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Outline design



Brief introduction

There are many ways to outline design. In the early days, there were modular methods and functional decomposition methods; in the late 1960s, data flow-oriented and data structure-oriented design methods were proposed; in recent years, object-oriented design methods were also proposed.

The format of the outline design is as follows:

1 Introduction

1.1 Purpose of writing

1.2 Background

1.3 Definition

1.4 Reference Materials

2Overall Design

2.1 Requirements Regulation

2.2 Operating Environment

2.3 Basic Design Concept and processing flow

2.4 system architecture

2.5 the relationship between functional requirements and programs

2.6 manual processing

2.7 unresolved Question

3 Interface Design

3.1 User Interface

3.2 External Interface

3.3 Internal Interface

4 Operation Design

4.1 Operation module combination

4.2 Operation control

4.3 Operation time

5 System data structure design

5.1 Essentials of logical structure design

5.2 Essentials of physical structure design

5.3 Relationship between data structure and program

6 System error handling design

6.1 Error message

6.2 Remedial measures

6.3 System maintenance design

Purpose of writing

Describe the purpose of writing this brief design specification , Point out the intended readers.

Background

Description:

a. The name of the software system to be developed;

b. List the task proposer of this project , Developers, users, and computing stations (centers) that will run the software.

Definition

List the definitions of the specific terms used in this document and the original phrases of the foreign initials.

Reference materials

List relevant reference documents, such as:

a. The approved plan or contract of this project, and the approval of the higher authority ;

b. Other published documents belonging to this project;

c. Documents and materials cited throughout this document, including the software development standards to be used. List the titles, document numbers, publication dates and publishing units of these documents, and explain the sources from which these documents can be obtained.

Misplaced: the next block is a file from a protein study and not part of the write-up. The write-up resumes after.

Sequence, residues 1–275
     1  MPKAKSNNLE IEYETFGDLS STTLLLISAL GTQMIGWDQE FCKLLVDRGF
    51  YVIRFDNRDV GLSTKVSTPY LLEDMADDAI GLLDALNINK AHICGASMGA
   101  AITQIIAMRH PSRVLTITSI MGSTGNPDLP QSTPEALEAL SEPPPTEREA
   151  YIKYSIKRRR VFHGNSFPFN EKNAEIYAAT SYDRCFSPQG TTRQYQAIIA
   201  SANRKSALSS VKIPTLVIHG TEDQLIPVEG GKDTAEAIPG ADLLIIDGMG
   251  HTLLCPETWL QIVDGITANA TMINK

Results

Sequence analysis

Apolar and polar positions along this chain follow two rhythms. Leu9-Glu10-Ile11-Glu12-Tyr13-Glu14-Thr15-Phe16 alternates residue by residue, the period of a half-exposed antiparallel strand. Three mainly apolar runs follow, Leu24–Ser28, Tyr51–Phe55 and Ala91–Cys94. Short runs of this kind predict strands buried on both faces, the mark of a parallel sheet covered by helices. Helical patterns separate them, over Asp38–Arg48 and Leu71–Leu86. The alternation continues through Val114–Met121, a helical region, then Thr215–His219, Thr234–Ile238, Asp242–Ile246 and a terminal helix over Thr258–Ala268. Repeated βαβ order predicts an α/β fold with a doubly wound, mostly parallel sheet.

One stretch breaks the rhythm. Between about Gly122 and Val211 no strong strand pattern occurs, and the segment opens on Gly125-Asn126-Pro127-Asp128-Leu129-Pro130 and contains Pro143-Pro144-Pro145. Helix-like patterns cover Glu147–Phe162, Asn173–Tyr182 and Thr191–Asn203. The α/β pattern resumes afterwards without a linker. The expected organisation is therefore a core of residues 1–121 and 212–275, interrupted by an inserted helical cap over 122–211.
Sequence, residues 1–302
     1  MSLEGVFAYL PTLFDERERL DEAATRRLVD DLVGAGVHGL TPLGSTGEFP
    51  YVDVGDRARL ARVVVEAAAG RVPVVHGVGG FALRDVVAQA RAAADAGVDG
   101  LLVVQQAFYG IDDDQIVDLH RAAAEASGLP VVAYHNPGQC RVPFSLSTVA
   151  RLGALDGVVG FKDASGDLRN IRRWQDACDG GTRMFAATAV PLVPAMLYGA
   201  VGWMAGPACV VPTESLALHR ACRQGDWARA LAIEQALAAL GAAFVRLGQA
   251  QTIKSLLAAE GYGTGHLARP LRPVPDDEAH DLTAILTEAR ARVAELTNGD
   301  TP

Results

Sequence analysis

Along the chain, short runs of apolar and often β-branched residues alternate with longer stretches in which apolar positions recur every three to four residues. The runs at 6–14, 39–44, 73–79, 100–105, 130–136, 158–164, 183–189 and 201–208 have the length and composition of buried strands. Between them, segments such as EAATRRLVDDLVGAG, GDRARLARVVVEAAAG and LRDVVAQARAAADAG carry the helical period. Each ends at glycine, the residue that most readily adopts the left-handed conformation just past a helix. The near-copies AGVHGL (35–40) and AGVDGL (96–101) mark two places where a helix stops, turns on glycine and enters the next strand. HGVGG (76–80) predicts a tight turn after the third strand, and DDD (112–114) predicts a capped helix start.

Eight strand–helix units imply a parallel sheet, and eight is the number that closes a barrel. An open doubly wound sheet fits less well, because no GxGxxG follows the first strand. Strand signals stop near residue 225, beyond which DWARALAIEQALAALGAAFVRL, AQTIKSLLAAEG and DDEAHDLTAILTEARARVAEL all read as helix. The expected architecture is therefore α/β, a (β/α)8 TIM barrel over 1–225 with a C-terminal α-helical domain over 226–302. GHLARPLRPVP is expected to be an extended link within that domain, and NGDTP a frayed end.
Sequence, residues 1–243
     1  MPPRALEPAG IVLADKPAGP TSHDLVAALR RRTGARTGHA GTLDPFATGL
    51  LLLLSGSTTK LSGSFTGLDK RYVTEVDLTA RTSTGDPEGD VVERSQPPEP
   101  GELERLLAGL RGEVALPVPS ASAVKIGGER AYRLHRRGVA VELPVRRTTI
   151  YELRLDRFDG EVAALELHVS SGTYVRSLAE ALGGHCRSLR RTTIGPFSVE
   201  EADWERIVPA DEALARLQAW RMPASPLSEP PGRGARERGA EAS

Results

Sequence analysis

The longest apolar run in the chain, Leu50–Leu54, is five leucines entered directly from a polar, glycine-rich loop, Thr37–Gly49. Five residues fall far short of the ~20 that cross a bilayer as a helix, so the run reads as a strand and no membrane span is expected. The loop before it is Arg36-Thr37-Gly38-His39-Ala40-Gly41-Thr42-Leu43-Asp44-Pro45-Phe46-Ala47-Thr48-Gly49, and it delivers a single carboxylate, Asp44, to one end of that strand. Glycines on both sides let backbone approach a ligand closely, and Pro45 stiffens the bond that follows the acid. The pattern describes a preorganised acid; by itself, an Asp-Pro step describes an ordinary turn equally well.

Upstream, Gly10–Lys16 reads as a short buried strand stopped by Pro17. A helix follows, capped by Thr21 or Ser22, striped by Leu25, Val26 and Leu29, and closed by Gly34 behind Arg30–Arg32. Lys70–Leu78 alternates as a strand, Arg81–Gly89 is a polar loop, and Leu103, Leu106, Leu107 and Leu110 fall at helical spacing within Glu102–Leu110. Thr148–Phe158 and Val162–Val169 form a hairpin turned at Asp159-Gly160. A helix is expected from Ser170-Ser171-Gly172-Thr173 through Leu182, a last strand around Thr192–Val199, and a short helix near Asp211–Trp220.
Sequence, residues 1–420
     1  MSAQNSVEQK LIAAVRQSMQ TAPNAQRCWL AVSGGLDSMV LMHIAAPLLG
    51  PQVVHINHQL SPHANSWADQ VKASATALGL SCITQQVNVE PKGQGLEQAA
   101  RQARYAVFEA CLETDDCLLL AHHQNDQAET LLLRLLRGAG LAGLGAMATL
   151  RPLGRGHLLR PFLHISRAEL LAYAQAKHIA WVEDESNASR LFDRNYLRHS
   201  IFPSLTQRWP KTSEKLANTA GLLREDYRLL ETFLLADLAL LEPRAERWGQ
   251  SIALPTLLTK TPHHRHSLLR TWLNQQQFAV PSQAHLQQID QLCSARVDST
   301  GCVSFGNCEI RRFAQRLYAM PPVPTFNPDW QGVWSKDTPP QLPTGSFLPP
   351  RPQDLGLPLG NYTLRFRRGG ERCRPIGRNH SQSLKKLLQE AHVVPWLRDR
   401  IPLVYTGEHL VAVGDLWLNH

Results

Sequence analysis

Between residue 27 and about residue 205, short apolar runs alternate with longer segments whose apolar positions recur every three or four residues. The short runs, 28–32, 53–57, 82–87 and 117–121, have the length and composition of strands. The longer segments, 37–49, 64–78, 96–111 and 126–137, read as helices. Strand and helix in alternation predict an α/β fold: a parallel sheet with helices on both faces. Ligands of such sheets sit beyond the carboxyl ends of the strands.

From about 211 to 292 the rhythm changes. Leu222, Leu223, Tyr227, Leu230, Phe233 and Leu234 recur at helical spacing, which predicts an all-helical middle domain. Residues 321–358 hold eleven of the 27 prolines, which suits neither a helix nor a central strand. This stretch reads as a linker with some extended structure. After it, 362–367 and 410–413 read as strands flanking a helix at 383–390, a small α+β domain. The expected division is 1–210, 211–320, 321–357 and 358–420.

Overall design

Requirements

Describe the main input and output items and the functional performance requirements of the system.

Operating environment

Briefly explain the requirements of the operating environment (including hardware environment and support environment) of the system.

Concept and processing flow

Describe the basic design concept and processing flow of this system, try to use the form of diagrams.

The basic concepts of programming include programs, data, subroutines, subroutines, co-routines, modules, and sequence, concurrency, parallelism, and distribution.

System Architecture

Describe the hierarchical structure of the system, call relationships, and specific implementation technology types.

Manual process

Describe the manual process (if any) that has to be included in the working process of this software system.

Unresolved issues

Describe the issues that have not been resolved in the outline design process but the designer believes that they must be resolved before the system is completed.

Interface design

User interface

Describe the commands and their grammatical structure that will be provided to the user, as well as the answer information of the software.

External interface

Describe the arrangement of all interfaces between this system and the outside world, including the interface between software and hardware, and the interface relationship between this system and various supporting software.

Internal Interface

Describe the arrangement of interfaces between various system elements within this system.

Operation design

Operation module combination

Describe the various operation module combinations caused by different external operation control of the system, explain each Run the internal modules and supporting software experienced.